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Sildenafil Increased Exercise Capacity during Hypoxia at Low Altitudes and at Mount Everest Base Camp: A Randomized, Double-Blind, Placebo-Controlled Crossover Trial

Hossein A. Ghofrani, MD; Frank Reichenberger, MD; Markus G. Kohstall, MD; Eike H. Mrosek, MD; Timon Seeger, MD; Horst Olschewski, MD; Werner Seeger, MD; and Friedrich Grimminger, PhD, MD
[+] Article and Author Information

From University Hospital Giessen and Justus-Liebig University, Giessen, Germany.


Acknowledgments: The authors thank the numerous porters and Sherpas who made this study possible, in particular Sherpa Pemba, who organized the logistics of the ascent. They also thank Peter Becker, MD, for his tireless medical support during the expedition and Siemens Medical Solutions USA, Inc., for providing 2 portable echocardiography devices. Finally, they thank Michael Yeager for editing the manuscript.

Grant Support: By the German Research Foundation (Sonderforschungsbereich 547) and in part by an unrestricted independent research grant from Pfizer GmbH, Karlsruhe, Germany.

Potential Financial Conflicts of Interest:Grants received: H.A. Ghofrani (Pfizer Ltd., ALTANA Pharma AG, Schering AG), W. Seeger (Schering AG, Pfizer Ltd., ALTANA Pharma AG, Lung Rx, Myogen), F. Grimminger (ALTANA Pharma AG, Bayer AG, Pfizer Ltd.); Grants pending: H.A. Ghofrani (Eli Lilly and Co.), F. Grimminger (Eli Lilly and Co.).

Requests for Single Reprints: Friedrich Grimminger, PhD, MD, Department of Internal Medicine, Klinikstrasse 36, 35392 Giessen, Germany; e-mail, ardeschir.ghofrani@innere.med.uni-giessen.de.

Current Author Addresses: Drs. Ghofrani, Reichenberger, Kohstall, Mrosek, T. Seeger, Olschewski, W. Seeger, and Grimminger: Department of Internal Medicine, Klinikstrasse 36, 35392 Giessen, Germany.

Author Contributions: Conception and design: H.A. Ghofrani, F. Reichenberger, M.G. Kohstall, E.H. Mrosek, W. Seeger, F. Grimminger.

Analysis and interpretation of the data: H.A. Ghofrani, F. Reichenberger, M.G. Kohstall, E.H. Mrosek, T. Seeger, H. Olschewski, W. Seeger, F. Grimminger.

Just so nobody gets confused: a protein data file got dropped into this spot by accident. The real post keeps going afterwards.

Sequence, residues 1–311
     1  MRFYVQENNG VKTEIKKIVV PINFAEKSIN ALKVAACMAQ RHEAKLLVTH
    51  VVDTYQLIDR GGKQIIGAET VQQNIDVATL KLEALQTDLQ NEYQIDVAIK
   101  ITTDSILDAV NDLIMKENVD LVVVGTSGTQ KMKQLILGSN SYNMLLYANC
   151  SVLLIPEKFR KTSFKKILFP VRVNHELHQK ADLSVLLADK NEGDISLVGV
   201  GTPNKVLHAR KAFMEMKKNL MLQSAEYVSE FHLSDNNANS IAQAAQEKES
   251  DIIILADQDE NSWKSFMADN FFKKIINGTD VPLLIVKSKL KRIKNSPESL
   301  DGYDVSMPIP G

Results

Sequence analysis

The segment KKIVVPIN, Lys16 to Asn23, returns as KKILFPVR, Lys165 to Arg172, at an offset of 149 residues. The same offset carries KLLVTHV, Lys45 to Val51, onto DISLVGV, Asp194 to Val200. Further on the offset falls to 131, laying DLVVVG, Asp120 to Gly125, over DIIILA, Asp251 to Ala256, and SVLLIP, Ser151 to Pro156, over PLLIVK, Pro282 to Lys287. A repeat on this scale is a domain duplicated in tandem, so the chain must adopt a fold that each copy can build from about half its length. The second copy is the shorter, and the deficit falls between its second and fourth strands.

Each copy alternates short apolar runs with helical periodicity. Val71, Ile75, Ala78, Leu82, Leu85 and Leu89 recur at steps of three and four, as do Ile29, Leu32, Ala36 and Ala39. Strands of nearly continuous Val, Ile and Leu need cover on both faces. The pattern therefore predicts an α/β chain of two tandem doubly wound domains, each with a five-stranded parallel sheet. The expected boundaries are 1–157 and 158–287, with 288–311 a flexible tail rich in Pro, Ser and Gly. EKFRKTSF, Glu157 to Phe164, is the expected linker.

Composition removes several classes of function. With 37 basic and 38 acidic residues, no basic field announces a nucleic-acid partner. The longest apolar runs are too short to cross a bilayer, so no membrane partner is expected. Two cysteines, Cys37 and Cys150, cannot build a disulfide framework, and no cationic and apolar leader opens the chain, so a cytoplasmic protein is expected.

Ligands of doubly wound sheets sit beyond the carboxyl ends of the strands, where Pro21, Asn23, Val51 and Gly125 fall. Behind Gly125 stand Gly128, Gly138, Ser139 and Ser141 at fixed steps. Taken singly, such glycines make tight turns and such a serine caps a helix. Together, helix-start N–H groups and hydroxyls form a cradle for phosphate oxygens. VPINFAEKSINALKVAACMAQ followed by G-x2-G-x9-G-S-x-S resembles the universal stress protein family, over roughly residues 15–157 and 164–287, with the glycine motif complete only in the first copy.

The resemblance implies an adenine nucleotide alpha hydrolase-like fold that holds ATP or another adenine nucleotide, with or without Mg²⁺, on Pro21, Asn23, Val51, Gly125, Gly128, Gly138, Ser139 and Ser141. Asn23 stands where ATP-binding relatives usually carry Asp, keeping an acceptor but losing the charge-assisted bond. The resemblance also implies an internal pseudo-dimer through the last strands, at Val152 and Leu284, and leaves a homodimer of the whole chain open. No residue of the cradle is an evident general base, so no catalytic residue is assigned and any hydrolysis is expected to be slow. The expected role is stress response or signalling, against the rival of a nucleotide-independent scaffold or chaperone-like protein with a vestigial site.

Drafting of the article: H.A. Ghofrani, H. Olschewski, W. Seeger, F. Grimminger.

Critical revision of the article for important intellectual content: H.A. Ghofrani, F. Reichenberger, M.G. Kohstall, E.H. Mrosek, T. Seeger, H. Olschewski, W. Seeger, F. Grimminger.

Final approval of the article: H.A. Ghofrani, M.G. Kohstall, E.H. Mrosek, T. Seeger, H. Olschewski, W. Seeger, F. Grimminger.

Provision of study materials or patients: H.A. Ghofrani, E.H. Mrosek, W. Seeger, F. Grimminger.

Statistical expertise: H.A. Ghofrani, H. Olschewski, W. Seeger, F. Grimminger.

Obtaining of funding: H.A. Ghofrani, W. Seeger, F. Grimminger.

Administrative, technical, or logistic support: H.A. Ghofrani, F. Reichenberger, E.H. Mrosek, H. Olschewski, W. Seeger, F. Grimminger.

Collection and assembly of data: H.A. Ghofrani, F. Reichenberger, M.G. Kohstall, E.H. Mrosek, T. Seeger, W. Seeger, F. Grimminger.


Ann Intern Med. 2004;141(3):169-177. doi:10.7326/0003-4819-141-3-200408030-00005
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Hypoxic pulmonary vasoconstriction is a fundamental physiologic mechanism, optimizing perfusion–ventilation matching in periods of regional hypoventilation of the lung (19). However, during global alveolar hypoxia, whether due to lung disease or environmental conditions such as high altitude, this mechanism results in pulmonary hypertension and enhanced right-heart load. These effects were consistently reproduced in the healthy volunteers in our study, who developed substantial pulmonary hypertension both under experimental hypoxia at sea level and at high altitude in the Mount Everest base camp. Moreover, a marked further increase in pulmonary hypertension was noted during hypoxic exercise in participants taking placebo; median systolic pulmonary artery pressure was 42.9 mm Hg at low altitude and 33.6 mm Hg at high altitude. Of note, this pulmonary hypertensive response was observed in persons not previously characterized as sensitive to pulmonary edema at high altitudes. This finding is consistent with the notion that exercise enhances even moderate forms of pulmonary hypertension (20). The Doppler echocardiographic technique used to assess systolic pulmonary artery pressure in our study has been extensively evaluated in different types of pulmonary hypertension and is closely correlated with right-heart catheterization in healthy participants (2123).

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Figures